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A Collaborative Learning and Transdisciplinary Model for Undergraduate Innovation Education

thesis
posted on 13.05.2022, 19:46 by Jackson Lane OttoJackson Lane Otto

 A student’s education should be reflective of the innovative and progressive nature of the professional world. While innovation was previously viewed as an economic driver or technological concept in the 20th century, modern times have innovation permeating into all branches of society, intending to seek and develop new knowledge and ideas across any academic and professional disciplines. With this inclusion of innovation in all aspects of society, students should be provided educational opportunities to develop innovation capabilities, skills, and mindsets that can better prepare them for the professional world as well as for making both societal and personal impact. Innovation-focused education has been positioned to aid in 1) developing social responsibility in students, 2) fostering innovative behaviors that can benefit the organizations in which students become part of in their future, 3) empowering students to pursue their own personal ventures, and 4) enhancing the economy of a nation. And, using a transdisciplinary approach to teaching innovation, can be one approach to bridge, or even break down, the silos that exist within modern higher education—creating a more authentic community of practice to nourish student learning and their innovative ideas. Researchers have found that innovation capabilities are not typically a by-product of traditional comprehensive education and without specific curriculum to cultivate innovation practices among students across majors, many may be missing out on valuable knowledge and skillsets. Addressing this concern, an undergraduate model at Purdue University has been developed to provide students with the time, resources, and opportunities to enhance their innovation capabilities through co-teaching and co-learning from faculty and students from differing academic units/colleges. This model brings together the disciplinary lenses from three different colleges, including engineering technology, business management, and liberal arts. Engaging students in a transdisciplinary, authentic learning experience across these academic units can allow them to form a community of practice by working on innovation projects over multiple semesters within an engaged network of faculty, peers, and mentors from a variety of disciplines. However, as this model is implemented there is a need to better understand how this collaborative approach to teaching innovation influences undergraduate learning. Therefore, this study 1) examined student perceptions of this innovation education model related to its co-teaching and co-learning pedagogical approach as well as 2) analyzed the influence of this model on student innovation skills (i.e., integrative learning, teamwork, and problem solving). To do so, data was collected from Likert-style prompts and open-ended survey responses and semi-structured interviews and analyzed using thematic coding and a non-parametric Wilcoxon signed-rank test. The results of this analysis revealed 1) working in teams is a necessary evil for many students, 2) cross-college collaboration enhances brainstorming and ideation in general, 3) a collaborative, transdisciplinary setting for learning allows for the application of prior knowledge, and 4) multiple instructors allowed for a greater range of feedback throughout the design process, among other findings in regard to student perceptions of the collaborative teaching and learning model. In addition, the results indicated that there was a statistically significant difference in the students’ perceptions of their innovation capabilities related to all sub-constructs of both integrative learning and problem solving, while students’ perceptions of their abilities relating to teamwork were less consistent. Leveraging these results, discussions around best ways to implement a similar model of teaching in other contexts, the benefits students identified from working collaboratively with individuals outside of their academic unit, and optimal strategies for developing this model have been brought to life. Also, aligning to the data collected in this study, recommendations for educational practice, such as consistency between instructors, alternative strategies for using a similar model in a different time-span, and students identified issues and potential solutions have been provided as well as continued needs for future research. All of this information is positioned to help inform future innovation education research, identifying benefits and drawbacks of the collaborative form of teaching and learning, and analyzing students’ self-perceptions of the skills they developed. Hopefully, this information will be valuable as more institutions look toward transforming teaching and learning practices to provide more engaging, cross-college models that enhance the value of the learning experiences they provide to students on their campuses.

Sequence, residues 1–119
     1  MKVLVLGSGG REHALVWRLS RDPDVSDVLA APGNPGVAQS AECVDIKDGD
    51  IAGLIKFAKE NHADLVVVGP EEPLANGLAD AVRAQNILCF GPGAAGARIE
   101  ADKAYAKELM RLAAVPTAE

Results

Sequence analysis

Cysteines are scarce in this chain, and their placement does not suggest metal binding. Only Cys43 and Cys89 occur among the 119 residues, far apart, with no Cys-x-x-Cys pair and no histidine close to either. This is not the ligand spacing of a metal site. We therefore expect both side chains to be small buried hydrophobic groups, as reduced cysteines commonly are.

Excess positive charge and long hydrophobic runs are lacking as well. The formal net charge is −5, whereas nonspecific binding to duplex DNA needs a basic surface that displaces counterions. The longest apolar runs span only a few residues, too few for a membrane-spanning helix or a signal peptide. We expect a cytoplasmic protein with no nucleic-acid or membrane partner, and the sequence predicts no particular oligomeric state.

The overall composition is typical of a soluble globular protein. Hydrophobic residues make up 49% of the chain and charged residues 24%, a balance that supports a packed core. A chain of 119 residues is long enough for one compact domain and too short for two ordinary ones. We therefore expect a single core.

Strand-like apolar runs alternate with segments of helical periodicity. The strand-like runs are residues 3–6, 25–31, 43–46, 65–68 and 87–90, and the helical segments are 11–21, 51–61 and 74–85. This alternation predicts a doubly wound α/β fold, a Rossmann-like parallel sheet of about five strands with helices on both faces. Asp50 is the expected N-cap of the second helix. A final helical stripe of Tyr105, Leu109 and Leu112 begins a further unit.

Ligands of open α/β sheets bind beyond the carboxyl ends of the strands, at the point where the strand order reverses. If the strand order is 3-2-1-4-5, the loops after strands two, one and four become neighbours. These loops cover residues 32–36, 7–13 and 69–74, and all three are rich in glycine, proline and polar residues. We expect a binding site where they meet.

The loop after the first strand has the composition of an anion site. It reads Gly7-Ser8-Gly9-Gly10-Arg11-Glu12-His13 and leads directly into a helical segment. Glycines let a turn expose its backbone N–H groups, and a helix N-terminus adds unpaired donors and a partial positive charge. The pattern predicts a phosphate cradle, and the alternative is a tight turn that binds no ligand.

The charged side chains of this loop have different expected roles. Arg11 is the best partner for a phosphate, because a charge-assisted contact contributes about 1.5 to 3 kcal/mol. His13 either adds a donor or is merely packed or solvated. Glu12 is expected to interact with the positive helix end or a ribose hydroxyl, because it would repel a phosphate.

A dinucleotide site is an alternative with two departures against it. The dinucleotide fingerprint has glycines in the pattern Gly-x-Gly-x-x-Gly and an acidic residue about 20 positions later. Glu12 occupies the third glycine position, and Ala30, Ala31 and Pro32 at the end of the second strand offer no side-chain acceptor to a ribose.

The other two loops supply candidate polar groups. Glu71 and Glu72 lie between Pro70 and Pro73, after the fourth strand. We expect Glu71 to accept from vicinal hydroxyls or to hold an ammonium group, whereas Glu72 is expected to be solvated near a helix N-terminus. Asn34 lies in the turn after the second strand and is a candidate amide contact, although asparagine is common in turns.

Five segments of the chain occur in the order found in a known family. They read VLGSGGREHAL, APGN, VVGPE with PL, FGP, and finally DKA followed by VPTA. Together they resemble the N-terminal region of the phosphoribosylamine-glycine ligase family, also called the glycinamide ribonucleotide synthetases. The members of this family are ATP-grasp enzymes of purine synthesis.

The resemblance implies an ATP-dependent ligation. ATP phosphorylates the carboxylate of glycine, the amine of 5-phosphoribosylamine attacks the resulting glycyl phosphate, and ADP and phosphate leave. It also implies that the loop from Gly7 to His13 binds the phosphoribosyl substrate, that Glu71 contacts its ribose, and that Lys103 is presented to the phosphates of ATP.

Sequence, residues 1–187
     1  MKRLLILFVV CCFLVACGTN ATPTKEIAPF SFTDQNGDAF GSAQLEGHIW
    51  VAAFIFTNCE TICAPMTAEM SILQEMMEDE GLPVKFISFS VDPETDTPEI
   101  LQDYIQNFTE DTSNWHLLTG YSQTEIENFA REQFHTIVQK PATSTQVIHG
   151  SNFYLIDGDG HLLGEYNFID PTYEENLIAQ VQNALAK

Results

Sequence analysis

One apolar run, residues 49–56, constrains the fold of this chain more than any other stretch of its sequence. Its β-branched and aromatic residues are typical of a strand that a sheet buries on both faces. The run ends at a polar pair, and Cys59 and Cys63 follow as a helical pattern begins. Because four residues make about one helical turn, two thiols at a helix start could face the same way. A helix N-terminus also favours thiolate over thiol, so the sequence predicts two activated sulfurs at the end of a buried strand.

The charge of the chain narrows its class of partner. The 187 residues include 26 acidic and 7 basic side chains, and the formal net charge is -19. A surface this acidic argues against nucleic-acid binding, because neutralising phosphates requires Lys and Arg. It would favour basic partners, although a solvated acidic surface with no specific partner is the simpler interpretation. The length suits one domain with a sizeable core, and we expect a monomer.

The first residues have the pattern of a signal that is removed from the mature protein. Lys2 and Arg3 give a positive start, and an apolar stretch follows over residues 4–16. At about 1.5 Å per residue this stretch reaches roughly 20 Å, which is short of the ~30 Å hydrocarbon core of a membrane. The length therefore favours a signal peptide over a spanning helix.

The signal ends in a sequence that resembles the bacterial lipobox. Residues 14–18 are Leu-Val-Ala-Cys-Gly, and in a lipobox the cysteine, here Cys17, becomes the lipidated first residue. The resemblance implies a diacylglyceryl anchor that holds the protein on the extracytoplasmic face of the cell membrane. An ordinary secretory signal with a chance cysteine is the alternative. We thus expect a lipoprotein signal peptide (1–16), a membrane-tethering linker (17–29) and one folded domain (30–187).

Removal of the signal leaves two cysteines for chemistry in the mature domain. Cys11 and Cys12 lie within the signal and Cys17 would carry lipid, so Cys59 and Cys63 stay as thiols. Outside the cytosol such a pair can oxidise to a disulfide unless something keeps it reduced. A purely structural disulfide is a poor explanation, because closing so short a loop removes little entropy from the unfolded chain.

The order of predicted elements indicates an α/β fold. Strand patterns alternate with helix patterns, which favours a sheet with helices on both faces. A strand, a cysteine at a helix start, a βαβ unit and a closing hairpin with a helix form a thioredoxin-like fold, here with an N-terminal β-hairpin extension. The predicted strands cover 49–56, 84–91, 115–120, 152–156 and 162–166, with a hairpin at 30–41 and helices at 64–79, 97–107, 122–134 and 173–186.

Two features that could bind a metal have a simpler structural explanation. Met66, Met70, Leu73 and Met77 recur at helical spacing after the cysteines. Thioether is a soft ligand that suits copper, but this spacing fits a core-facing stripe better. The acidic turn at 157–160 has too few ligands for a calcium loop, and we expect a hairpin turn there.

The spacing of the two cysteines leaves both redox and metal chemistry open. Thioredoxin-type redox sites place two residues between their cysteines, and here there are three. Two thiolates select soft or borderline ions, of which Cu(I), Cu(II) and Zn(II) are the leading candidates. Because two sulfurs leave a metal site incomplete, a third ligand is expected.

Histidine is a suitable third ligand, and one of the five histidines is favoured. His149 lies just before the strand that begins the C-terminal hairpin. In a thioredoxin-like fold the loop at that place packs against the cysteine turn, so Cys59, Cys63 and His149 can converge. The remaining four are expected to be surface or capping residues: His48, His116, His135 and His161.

Funding

NSF #2044288

History

Degree Type

Master of Science

Department

Technology Leadership and Innovation

Campus location

West Lafayette

Advisor/Supervisor/Committee Chair

Greg Strimel

Additional Committee Member 2

Sherylyn Briller

Additional Committee Member 3

Todd Kelley